Somewhat unexpectedly for many Africans, America’s first African American president offered the continent rather tough love in his first official visit. Amidst the usual political fluff, President Obama’s recent speech, delivered in Ghana this Saturday, contained some very pointed comments, including a controversial assertion that the time to blame colonization and Western exploitation for Africa’s problems has ended.

While the development crisis in Africa can be difficult to talk about in the United States, no matter how well-informed, traveled, or racially-sensitive one might be, President Obama leveraged his African background to tell Africans point-blank that their problems stem from weak government structures, traditions of corruption and nepotism, and the people’s failure to insist upon accountability. Though I personally feel that colonial policies and institutions have plenty to do with modern African instability, corruption, and ethnic conflict, I’m pleased to hear Obama demanding more of Africans—especially young Africans. Such demands from John McCain or Hillary Clinton could not have held the same weight.

Obama’s controversial statements have, somewhat predictably, inspired bickering and finger-pointing on countless internet forums. I can’t help but feel that something has been lost amid these arguments. In all likelihood, Obama is more acutely aware of the historical injustices Africa has suffered than any of his predecessors. His speech in Accra was not meant to deny these, but to signal that the time has come for Africa to move forward. Unending arguments about historical responsibility aside, Africa and the West should be able to agree on one point: African development solutions must come from Africans from here on out.

As I learned while living in Kenya last year, African artists, entrepreneurs, and civil society organizations are ready for that responsibility. The question then becomes, “How do we empower these solutions?”

Like many politicians before him, President Obama lamented the failure of decades of foreign aid to improve living conditions or fuel sustainable development in Africa. In an interview with, just before his departure to Ghana, Obama described U.S. foreign assistance policy as fragmented and unfocused: “Our aid policies have been splintered among a variety of agencies, different theories embraced by different people depending on which administration, which party, is in power at any given time. Trying to create something steady and focused—and always basing our policies on what works and not on some ideological previous position—is going to be very important.”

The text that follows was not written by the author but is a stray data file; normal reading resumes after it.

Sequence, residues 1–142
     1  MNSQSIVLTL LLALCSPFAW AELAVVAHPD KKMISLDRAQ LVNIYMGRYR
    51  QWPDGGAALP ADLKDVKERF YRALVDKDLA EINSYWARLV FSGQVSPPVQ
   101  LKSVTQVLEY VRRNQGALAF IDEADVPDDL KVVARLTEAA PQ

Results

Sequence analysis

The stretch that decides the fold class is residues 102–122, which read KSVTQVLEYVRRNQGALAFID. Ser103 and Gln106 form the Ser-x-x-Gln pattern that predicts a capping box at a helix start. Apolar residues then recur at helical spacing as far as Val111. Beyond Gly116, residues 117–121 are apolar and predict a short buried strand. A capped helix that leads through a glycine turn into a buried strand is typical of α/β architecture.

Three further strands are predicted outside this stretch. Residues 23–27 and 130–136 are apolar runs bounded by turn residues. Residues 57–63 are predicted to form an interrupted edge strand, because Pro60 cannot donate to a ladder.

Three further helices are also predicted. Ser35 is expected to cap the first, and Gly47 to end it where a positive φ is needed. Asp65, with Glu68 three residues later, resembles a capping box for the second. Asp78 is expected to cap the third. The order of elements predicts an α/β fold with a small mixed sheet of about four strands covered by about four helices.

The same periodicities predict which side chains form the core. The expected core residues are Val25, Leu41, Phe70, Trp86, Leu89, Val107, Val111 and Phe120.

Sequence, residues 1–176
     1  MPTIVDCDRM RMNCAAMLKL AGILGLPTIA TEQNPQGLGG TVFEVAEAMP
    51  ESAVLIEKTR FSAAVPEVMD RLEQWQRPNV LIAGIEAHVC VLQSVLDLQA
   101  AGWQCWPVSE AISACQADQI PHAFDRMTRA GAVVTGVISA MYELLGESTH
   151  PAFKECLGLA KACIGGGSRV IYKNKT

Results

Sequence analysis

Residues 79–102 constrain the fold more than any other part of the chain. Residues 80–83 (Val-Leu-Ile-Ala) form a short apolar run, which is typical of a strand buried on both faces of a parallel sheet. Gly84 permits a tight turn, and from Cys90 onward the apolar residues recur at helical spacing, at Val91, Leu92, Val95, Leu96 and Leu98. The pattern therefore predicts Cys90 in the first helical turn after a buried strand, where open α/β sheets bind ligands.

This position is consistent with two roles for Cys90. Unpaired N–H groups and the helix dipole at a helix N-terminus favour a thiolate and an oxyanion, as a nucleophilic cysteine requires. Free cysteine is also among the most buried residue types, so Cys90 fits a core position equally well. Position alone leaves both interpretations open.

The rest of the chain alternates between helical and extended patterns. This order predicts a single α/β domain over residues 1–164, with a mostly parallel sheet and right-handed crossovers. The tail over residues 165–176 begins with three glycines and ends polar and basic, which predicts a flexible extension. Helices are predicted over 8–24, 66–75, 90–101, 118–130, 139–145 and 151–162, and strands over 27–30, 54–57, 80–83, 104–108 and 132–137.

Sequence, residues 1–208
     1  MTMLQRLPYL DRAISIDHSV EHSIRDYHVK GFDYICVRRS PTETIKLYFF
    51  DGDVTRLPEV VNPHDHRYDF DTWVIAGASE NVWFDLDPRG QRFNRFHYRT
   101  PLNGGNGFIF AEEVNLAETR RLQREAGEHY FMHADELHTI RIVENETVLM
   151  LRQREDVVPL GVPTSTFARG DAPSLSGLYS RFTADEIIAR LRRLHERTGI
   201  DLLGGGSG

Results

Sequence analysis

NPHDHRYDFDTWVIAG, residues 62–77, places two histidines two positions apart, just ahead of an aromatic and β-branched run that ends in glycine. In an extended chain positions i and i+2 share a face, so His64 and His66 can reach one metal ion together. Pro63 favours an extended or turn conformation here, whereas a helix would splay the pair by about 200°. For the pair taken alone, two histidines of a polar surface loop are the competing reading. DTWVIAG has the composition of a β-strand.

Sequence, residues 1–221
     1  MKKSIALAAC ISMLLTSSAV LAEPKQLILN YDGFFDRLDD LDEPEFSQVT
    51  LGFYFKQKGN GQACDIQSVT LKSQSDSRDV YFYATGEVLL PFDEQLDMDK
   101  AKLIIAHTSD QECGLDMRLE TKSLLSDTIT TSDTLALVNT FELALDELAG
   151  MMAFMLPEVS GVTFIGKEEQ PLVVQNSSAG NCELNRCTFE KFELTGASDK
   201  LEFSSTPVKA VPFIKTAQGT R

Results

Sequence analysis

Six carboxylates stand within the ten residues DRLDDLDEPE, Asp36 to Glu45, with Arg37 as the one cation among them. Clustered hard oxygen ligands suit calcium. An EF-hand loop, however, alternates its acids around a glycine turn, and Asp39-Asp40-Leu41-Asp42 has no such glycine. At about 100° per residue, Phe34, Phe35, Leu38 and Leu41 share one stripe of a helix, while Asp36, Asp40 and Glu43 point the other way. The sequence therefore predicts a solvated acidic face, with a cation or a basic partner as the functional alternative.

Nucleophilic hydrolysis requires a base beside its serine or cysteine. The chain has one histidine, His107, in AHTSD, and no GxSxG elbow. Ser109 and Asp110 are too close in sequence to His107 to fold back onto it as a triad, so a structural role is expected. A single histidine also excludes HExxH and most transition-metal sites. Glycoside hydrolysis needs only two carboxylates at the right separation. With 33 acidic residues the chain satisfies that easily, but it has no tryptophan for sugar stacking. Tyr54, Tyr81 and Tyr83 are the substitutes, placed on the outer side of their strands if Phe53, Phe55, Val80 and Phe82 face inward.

Whether these statements will translate into concrete foreign assistance policy reform has yet to be seen. The President, now six months into his administration, has offered up few concrete plans for reform and is yet to name a top USAID administrator.

“Aid is not an end in itself,” Obama said on Saturday. “The purpose of foreign assistance should be to create the conditions where it’s no longer needed.” Healthcare infrastructure, education, support for small- and medium-sized businesses and technical assistance for farmers and workers are all examples of investments long-term sustainable growth. Slowing the brain drain on African medical staff, empowering people through worker-owned cooperatives, increasing aid for climate change adaptation, and allowing room for regional political and economic structures to develop are a few more. Though with little more than rhetoric coming from the administration, whether or not these initiatives actually emerge in the form of concrete U.S. policies is largely up to us and the pressure we put on our legislators to write them.

Obama has proposed a system of mutual responsibility in Africa’s development efforts, promising America’s continued assistance if Africans hold their leaders accountable and create a positive investment environment for US aid funds. But there’s much to be done on our own end, as well, in terms of figuring out what types of assistance are effective in supporting Africans to meet their own development objectives and what other policies we might have at play (ie. trade) that might adversely affect this development process.

In today’s hyper-connected world, issues of health, peace, and development in the developing world should be at the forefront of US policy discussions. As Obama puts it: “The 21st century will be shaped by what happens not just in Rome or Moscow or Washington, but by what happens in Accra as well.” Perhaps it’s time we started paying closer attention to the intricacies of our relationships with the developing world.

Watch the speech and read Obama’s interview with